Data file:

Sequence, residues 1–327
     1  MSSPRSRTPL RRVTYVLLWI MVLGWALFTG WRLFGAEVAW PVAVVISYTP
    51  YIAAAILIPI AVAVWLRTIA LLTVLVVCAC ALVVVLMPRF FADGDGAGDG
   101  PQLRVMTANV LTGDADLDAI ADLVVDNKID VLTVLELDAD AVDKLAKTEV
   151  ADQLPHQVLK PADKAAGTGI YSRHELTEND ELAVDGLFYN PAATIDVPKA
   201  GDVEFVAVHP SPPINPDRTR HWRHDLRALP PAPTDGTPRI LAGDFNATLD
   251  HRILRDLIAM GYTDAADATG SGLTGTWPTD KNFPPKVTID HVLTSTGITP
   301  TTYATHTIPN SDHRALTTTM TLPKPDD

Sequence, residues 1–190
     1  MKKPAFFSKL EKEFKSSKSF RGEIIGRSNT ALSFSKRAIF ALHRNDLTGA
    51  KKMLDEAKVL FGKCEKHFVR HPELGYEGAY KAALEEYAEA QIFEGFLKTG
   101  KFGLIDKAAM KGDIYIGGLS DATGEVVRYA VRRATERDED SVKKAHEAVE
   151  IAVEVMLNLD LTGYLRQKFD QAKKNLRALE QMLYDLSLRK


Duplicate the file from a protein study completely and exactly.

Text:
Sequence, residues 1–327
     1  MSSPRSRTPL RRVTYVLLWI MVLGWALFTG WRLFGAEVAW PVAVVISYTP
    51  YIAAAILIPI AVAVWLRTIA LLTVLVVCAC ALVVVLMPRF FADGDGAGDG
   101  PQLRVMTANV LTGDADLDAI ADLVVDNKID VLTVLELDAD AVDKLAKTEV
   151  ADQLPHQVLK PADKAAGTGI YSRHELTEND ELAVDGLFYN PAATIDVPKA
   201  GDVEFVAVHP SPPINPDRTR HWRHDLRALP PAPTDGTPRI LAGDFNATLD
   251  HRILRDLIAM GYTDAADATG SGLTGTWPTD KNFPPKVTID HVLTSTGITP
   301  TTYATHTIPN SDHRALTTTM TLPKPDD

Sequence, residues 1–190
     1  MKKPAFFSKL EKEFKSSKSF RGEIIGRSNT ALSFSKRAIF ALHRNDLTGA
    51  KKMLDEAKVL FGKCEKHFVR HPELGYEGAY KAALEEYAEA QIFEGFLKTG
   101  KFGLIDKAAM KGDIYIGGLS DATGEVVRYA VRRATERDED SVKKAHEAVE
   151  IAVEVMLNLD LTGYLRQKFD QAKKNLRALE QMLYDLSLRK